The blockbuster videogame is nowofficially Too Big to Fail.
Bethesda, publisher ofSkyrim, Fallout, and Dishonored, said this week that it will stop providingadvance review copies of its games to the media. This is an inconvenience for the likes ofWIRED. But it’s a far bigger problem for you, the consumer who wants to know what you’re getting for your money.
Officially, Bethesda saysin its blog post announcing the move was that it encourages skeptical players to “wait for your favorite reviewers to share their thoughts” before buyingSkyrim Special Edition and Dishonored 2. But that’s something of a Hobson’s choice when Bethesda includestantalizing extra contentavailableonly if you pre-order the gamesbefore they’re available—and, importantly, before reviews hit. Bethesda, and the publishers surely lining up to follow it down this road, want you to pay full price for a game before you know if it’s any good.
Beyond denyingconsumers the chance tomake an informed purchase, this will spura race to the bottom as game reviewers, desperate to be first to publish their thoughts, rush out whatever they can on the tightest of deadlines.
Make no mistake: the only winner is Bethesda. But then, this highlights the corner that publishers have painted themselves into. They’ve created a world in which nothing canbe allowed to imperil the successful launch of their blockbuster titles.
Bethesda is the first to hold back early review copies as a matter of policy, but many others have done this on occasion. 2K Games did not provide any early copies ofMafia III this monthIt’s clear that publishers of blockbusters increasinglysee pre-release or even release-dayreviews as a liability.
Let’s first interpret this as charitably as possible: “Day-one patches” let publisherscontinue tweaking gamesuntil about a week before launch day, and release thatpatch just in time for launch. This means that the final final version of the game, the one you will play, might not be available until release day.
But this would be true of only some games,and besides, Bethesda’s blog post doesn’t even mention this. The truth is probably closer to what I discussed two years agowhen Ubisoft provided early copies of Assassin’s Creed Unity but prohibited reviewers from publishing their thoughts until 12 hours after the game went on sale. The release of a triple-A game follows months ofmarketing, advertising, livestreams, previews, and increasingly elaborate preorder campaigns. By the time the game comes out, itspotential audience already knows allabout it. What benefit is a review, if most consumers have already spent their money.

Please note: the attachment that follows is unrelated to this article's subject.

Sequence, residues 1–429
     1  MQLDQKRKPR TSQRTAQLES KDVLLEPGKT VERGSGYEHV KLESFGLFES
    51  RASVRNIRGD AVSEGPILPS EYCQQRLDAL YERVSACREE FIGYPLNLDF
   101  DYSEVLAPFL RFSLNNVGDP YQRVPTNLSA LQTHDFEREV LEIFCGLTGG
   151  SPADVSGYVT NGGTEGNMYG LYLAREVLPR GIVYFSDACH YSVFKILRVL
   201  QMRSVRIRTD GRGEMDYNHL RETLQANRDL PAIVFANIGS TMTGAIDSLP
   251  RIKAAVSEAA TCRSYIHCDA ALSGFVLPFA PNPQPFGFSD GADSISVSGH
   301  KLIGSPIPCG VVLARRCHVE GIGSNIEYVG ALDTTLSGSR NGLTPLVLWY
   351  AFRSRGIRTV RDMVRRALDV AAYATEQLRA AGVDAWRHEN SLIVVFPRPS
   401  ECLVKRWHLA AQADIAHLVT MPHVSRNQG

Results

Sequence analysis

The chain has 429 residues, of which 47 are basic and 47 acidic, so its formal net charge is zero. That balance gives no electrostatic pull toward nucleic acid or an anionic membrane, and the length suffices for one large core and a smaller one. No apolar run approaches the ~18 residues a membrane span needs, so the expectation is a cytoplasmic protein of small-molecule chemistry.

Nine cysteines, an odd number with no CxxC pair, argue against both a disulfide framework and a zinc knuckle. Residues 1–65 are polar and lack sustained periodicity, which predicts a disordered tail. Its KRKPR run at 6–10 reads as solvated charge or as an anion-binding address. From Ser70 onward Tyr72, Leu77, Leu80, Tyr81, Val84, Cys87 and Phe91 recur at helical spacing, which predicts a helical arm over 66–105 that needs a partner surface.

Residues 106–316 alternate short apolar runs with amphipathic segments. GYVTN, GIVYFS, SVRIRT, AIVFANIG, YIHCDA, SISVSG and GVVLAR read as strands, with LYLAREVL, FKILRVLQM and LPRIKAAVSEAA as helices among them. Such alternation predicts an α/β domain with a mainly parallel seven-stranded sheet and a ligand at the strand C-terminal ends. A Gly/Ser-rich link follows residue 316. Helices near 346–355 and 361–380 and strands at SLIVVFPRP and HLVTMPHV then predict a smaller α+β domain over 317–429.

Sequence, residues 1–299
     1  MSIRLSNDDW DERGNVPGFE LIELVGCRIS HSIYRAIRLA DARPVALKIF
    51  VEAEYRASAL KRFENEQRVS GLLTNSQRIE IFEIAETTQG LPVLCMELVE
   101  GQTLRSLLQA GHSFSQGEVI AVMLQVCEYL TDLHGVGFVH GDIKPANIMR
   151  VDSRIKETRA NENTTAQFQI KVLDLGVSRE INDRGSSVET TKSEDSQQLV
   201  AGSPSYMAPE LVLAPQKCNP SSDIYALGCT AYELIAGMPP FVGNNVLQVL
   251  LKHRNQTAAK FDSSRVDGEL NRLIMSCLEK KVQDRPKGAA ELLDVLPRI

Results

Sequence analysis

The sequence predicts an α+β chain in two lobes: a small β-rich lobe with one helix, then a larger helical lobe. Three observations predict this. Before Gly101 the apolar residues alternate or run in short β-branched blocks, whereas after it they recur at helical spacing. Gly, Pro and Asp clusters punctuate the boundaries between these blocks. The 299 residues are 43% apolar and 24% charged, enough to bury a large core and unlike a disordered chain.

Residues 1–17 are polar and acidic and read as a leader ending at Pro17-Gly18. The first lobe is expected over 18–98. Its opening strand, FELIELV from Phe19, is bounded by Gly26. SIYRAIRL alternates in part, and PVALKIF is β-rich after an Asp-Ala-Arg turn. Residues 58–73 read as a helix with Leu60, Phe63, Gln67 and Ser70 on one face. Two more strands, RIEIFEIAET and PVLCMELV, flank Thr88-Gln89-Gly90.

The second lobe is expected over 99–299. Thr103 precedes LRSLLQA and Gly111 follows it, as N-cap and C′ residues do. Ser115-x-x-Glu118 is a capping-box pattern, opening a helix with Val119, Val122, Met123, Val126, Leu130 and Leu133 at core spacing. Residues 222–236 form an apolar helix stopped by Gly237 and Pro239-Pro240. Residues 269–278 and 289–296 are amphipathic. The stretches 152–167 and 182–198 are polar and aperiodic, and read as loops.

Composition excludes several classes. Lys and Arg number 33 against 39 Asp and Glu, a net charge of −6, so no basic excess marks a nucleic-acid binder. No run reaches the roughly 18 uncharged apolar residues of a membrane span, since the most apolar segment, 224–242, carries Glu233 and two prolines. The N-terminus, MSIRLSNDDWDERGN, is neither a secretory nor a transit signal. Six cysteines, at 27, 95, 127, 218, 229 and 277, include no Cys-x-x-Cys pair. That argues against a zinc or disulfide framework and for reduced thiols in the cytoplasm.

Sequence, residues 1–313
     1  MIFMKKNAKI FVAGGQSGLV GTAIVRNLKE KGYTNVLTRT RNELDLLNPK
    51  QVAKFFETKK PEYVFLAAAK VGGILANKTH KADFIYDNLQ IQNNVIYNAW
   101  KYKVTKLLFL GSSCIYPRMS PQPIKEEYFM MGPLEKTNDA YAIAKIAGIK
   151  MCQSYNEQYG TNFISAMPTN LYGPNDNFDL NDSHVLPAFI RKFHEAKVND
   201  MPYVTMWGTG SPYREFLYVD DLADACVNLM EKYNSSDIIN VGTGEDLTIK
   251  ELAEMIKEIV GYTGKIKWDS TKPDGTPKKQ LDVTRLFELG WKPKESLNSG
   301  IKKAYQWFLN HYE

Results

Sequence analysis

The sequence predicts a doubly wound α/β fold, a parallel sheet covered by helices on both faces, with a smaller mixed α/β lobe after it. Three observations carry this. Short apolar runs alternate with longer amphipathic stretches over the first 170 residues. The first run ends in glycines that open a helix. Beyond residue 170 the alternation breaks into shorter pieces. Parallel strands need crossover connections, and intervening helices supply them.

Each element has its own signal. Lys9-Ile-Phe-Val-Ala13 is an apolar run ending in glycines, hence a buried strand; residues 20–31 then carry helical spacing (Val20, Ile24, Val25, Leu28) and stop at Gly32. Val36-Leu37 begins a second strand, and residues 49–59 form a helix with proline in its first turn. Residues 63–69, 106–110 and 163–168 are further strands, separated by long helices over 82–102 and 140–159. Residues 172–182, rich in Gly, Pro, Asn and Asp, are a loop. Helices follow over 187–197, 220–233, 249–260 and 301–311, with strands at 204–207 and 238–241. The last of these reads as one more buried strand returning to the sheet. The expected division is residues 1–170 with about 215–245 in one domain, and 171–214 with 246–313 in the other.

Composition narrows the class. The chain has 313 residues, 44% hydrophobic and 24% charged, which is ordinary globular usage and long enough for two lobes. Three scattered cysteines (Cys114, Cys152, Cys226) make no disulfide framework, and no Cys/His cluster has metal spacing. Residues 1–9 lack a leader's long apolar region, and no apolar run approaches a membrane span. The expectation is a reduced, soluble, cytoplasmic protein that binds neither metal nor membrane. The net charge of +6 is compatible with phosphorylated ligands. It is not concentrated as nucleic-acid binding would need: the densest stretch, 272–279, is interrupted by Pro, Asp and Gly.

Reviews offer no benefit to publishers. If they’re bad, consumers mightcancel their preorders and everything goes south. That could have catastrophic, even fatal consequences for a publisher that relies on a handful of blockbuster releases for its livelihood. So don’t consider this no-reviews policy in a vacuum: It’s just one change we’re likely to see enshrined inthe triple-A game industry as budgets top $100 millionand the stakes only escalate.
This could set the table for another change: givingplayers early access to games, provided they pay early, pay more, or both. Early access to Bethesda’s Dishonored 2 is part of the game’s standard preorder package, which means all you need to do is spend $60 without waiting to hear whether the game is any good. But for Microsoft’s Gears of War 4, early access was a perk confined tothe game’s $100 “Ultimate Edition.” Electronic Arts, meanwhile, lets paying subscribers to its EA Access service play the first 10 hours of some titleslong before they hit store shelves.
As I’ve said before, if you’re not a fan of such policies, the best thing todo is to stop preordering games. I realize this is easier said than done: After all, who doesn’twant those sweet preorder bonuses? But you will face this dilemma more often. Bethesda is the first mover here, but it won’t be alone. Of course WIREDwould love to offerearly reviews, but it’s not going to do us muchharm if we don’t. This really only hurts you, the consumer. But blockbuster games simply cost too much to make and market, and Bethesda has decided it simply cannot risk you deciding to see if a game is any good before giving it your money.